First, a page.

3. Elysian used a mark similar to IDIOT without the consent of CBC in a manner that is likely to cause confusion among ordinary consumers as to the source, sponsorship, affiliation, or approval of the goods.

CBC’s federal trademark registration creates a presumption of validity of the IDIOT mark (fulfilling #1), and of CBC’s ownership of the IDIOT mark (fulfilling #2). The third factor will be the crux of this case (i.e., whether a beer called IDIOT SAUVIN would likely be confused with CBC’s IDIOT line of beers).

It does not appear that Elysian has filed an answer in this case yet, but they likely have to respond by the middle of July 2012.

The only other notable commercial beer also using the ‘Idiot’ mark is Weyerbacher Blithering Idiot, which has over 1,000 reviews on RateBeer.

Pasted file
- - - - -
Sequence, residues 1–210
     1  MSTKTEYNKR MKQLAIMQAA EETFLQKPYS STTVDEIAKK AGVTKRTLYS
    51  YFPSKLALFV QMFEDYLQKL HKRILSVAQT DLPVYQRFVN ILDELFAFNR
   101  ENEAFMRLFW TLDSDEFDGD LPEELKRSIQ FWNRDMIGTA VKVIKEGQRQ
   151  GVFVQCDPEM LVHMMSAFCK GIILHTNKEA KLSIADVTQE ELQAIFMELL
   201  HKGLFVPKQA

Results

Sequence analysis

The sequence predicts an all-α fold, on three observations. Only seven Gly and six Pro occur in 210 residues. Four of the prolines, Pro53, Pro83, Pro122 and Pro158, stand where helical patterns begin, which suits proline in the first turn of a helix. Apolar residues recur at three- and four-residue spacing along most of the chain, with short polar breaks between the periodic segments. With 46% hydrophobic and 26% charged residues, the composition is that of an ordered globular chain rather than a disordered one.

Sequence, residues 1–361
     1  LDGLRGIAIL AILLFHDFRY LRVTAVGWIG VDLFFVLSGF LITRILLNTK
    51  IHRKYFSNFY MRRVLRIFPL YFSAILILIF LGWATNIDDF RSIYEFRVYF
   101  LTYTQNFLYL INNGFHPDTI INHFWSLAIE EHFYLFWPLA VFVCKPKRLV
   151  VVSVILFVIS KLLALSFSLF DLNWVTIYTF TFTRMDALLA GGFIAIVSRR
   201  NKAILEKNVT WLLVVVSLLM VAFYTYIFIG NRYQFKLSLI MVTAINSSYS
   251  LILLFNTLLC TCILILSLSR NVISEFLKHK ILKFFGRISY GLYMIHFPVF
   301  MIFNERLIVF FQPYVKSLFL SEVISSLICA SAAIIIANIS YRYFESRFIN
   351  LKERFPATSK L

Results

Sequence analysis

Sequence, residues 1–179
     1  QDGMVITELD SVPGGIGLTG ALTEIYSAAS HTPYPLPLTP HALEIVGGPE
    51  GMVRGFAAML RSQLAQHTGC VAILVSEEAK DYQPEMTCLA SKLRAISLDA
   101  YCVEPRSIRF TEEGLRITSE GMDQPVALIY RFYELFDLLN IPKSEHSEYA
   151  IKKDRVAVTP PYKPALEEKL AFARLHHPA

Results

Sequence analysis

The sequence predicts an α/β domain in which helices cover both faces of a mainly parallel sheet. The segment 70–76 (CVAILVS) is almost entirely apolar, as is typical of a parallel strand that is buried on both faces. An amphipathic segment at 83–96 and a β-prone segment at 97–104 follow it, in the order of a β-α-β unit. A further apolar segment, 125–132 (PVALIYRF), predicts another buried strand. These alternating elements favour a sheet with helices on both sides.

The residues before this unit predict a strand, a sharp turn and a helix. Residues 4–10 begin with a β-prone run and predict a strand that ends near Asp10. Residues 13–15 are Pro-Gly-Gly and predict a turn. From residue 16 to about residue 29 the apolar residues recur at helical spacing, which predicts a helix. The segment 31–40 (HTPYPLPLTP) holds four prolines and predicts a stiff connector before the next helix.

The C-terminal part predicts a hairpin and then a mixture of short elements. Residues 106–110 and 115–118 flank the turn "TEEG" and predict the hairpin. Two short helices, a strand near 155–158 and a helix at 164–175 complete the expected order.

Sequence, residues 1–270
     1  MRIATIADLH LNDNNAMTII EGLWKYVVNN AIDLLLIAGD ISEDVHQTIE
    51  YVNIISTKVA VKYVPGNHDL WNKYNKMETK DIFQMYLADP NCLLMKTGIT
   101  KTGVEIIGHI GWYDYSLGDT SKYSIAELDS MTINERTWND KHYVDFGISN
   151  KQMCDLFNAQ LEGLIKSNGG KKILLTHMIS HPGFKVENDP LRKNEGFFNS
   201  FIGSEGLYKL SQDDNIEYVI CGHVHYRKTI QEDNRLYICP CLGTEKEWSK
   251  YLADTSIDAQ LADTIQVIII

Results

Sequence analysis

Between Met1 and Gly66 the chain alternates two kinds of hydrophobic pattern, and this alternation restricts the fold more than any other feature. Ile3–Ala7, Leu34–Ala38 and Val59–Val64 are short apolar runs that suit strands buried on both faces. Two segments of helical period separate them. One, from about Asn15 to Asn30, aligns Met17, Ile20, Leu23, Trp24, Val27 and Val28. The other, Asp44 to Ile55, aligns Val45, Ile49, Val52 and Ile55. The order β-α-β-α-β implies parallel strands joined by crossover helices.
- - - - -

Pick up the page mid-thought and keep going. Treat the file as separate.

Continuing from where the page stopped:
dan christopherson photo 110Daniel Christopherson of is a registered patent attorney with the Christopherson Intellectual Property Law Firm. He is an avid craft beer enthusiast who helps new and established breweries develop their business models and protect their intellectual property.

25 thoughts on “Coronado Brewing sues Elysian Brewing for alleged infringement of ‘Idiot’ mark

  1. Here in the Midwest, far removed from California, I’ve heard of Elysian, have tried a couple brews, and have a fairly high opinion of their products. I had not heard of Coronado before this, but will now think of them as the brewery run by lawyers, which is NOT a favorable opinion. Who cares how their beer is? Their first impression is cast. “Collaboration Not Litigation Ale” sets the moral high ground for naming disputes, moral ground which Coronado has forsaken.